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Pleural Effusion

A pleural effusion is the collection of fluid in the pleural cavity, which is made up of tissue layers that separate the lungs from the chest cavity. This makes it difficult to breathe.  When left untreated, this condition can lead to respiratory symptoms and complications. 

Pleura are thin membranes that protect the outside of the lungs as well as the inside of the chest. This lining contains a small amount of liquid that helps to lubricate the lungs when they expand within the chest during breathing. However, if too much fluid accumulates, as a result of a medical condition, complications can emerge.

Causes of Pleural Effusion

There are several potential causes of pleural effusion, including:

·      congestive heart failure

·      cancer

·      liver or kidney disease

·      infections

·      pulmonary embolism

·      autoimmune conditions like rheumatoid arthritis and lupus

·      pneumonia

·      rupture of esophagus

Types of Pleural Effusion

Pleural effusion can either be transudative or exudative.

·      Transudative pleural effusion is caused by increased pressure on capillaries, resulting in protein-rich fluid collections. It is commonly associated with conditions like cirrhosis or coronary heart disease. It may happen if you have:

o   congestive heart failure.

o   kidney disease

o   cirrhosis

o   just started peritoneal dialysis

o   malnutrition is caused by low amounts of albumin in the blood

·      Exudative pleural effusion occurs due to infection, irritation, or inflammation. These can cause more fluid production, less drainage, or both. This arises when a fluid accumulation occurs as the result of:

o   Tumor

o   Infection

o   Inflammation

o   Lung injury

The following conditions may cause exudative pleural infusion:

o   Cancer

o   Pneumonia

o   Inflammatory conditions like lupus, pancreatitis, or rheumatoid arthritis

o   Tuberculosis

o   Heart surgery complications

Symptoms of Pleural Effusion

In some cases, people with pleural effusion may not exhibit any symptoms. However, when the effusion is moderate or large-sized, or if there is inflammation, the following symptoms may be present:

  • Persistent cough
  • Difficulty breathing or shortness of breath
  • Chest pain
  • Unexplained weight loss
  • Fever or chills

Complications and Outlook

Left untreated, pleural effusion can lead to several complications including:

·      Pneumonia

·      An infection that causes an abscess.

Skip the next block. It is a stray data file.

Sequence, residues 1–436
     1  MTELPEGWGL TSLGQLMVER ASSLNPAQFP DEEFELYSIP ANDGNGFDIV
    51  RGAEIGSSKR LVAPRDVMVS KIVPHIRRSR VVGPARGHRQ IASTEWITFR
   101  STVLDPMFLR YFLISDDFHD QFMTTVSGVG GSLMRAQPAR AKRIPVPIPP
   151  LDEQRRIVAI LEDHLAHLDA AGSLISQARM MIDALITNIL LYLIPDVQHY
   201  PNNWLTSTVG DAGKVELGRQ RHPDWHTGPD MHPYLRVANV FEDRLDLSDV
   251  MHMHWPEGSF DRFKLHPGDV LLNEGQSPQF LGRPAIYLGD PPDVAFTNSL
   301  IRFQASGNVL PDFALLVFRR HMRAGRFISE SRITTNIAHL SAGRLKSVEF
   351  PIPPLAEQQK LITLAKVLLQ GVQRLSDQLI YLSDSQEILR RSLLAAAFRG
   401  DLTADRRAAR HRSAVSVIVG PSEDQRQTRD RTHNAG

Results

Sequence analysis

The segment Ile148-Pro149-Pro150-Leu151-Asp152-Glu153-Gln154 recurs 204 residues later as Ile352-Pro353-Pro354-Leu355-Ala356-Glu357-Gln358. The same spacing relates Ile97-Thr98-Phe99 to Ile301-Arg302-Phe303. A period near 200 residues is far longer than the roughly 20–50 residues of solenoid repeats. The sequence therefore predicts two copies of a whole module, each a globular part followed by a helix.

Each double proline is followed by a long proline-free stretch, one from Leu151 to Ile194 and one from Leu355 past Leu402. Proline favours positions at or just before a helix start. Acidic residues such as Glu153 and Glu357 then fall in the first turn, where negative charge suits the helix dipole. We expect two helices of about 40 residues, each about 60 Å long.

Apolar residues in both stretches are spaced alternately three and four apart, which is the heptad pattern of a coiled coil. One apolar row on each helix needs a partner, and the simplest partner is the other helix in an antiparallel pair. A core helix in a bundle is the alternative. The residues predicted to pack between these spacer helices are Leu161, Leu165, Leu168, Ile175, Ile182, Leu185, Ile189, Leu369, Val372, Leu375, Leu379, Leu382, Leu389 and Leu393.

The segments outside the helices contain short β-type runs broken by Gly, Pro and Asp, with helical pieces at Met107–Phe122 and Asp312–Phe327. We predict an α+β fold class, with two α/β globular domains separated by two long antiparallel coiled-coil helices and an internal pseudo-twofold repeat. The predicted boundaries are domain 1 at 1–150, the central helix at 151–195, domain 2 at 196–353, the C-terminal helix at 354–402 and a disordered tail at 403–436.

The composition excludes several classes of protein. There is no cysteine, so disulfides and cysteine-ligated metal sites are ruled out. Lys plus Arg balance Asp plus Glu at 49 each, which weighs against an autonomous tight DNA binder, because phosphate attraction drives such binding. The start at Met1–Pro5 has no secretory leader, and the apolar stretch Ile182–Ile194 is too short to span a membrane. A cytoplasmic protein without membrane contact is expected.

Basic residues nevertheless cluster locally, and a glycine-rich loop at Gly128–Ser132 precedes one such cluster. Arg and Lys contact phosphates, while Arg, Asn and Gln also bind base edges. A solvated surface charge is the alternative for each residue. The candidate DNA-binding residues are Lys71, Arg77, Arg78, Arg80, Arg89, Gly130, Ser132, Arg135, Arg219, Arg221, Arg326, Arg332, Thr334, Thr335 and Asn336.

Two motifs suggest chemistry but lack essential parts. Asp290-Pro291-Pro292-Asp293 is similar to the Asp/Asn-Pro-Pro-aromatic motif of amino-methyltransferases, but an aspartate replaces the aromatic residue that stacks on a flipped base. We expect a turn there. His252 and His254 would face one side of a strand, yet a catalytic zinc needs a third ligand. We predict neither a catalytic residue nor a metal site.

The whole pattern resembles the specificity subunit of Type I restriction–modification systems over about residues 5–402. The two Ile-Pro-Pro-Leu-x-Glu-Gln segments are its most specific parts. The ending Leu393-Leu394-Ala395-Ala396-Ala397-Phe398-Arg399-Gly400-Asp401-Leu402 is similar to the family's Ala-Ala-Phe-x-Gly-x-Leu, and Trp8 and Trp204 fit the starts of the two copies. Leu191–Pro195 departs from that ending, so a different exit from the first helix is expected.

·      Scarring around the lungs

·      Respiratory failure

·      Pleural thickening and fibrosis

·      Emphysema

The outlook for pleural effusion depends on the underlying medical condition and the severity of the effusion.

Pleural Effusion Treatment

Treatments for pleural effusions include:

·      Thoracentesis. Your doctor may perform thoracentesis to draw excess fluid and alleviate symptoms if the effusion is significant.

·      Tube thoracostomy. Your doctor will insert a plastic tube into the pleural space through a small incision in your chest wall to provide temporary drainage.

·      Pleural drainage. In cases of persistent pleural effusions, your doctor may propose pleural drainage with a long-term catheter put into the pleural cavity. This will allow you to drain fluid from your home under medical supervision.

·      Medications: Depending on the underlying cause, medications may be used to reduce fluid buildup, treat infections, or control inflammation. This includes diuretics, antibiotics, or corticosteroids.

Pleural Effusion Prevention

You may be unable to avoid causes of pleural effusion. However, you can reduce your risk of pleural effusions by:

·      Ceasing smoking

·      Avoiding asbestos.

·      A healthy diet that is low in salt.

·      Taking diuretics

·      Limiting fluid consumption if instructed.

Pleural effusion, often known as fluid on the lungs, can occur for a variety of reasons, including cancer and infections. While it rarely has particular symptoms, you may notice evidence of infection or breathing issues. 

Seek medical attention if you experience lung-related symptoms or have a fever, as pleural effusion could suggest a serious underlying illness that requires treatment.

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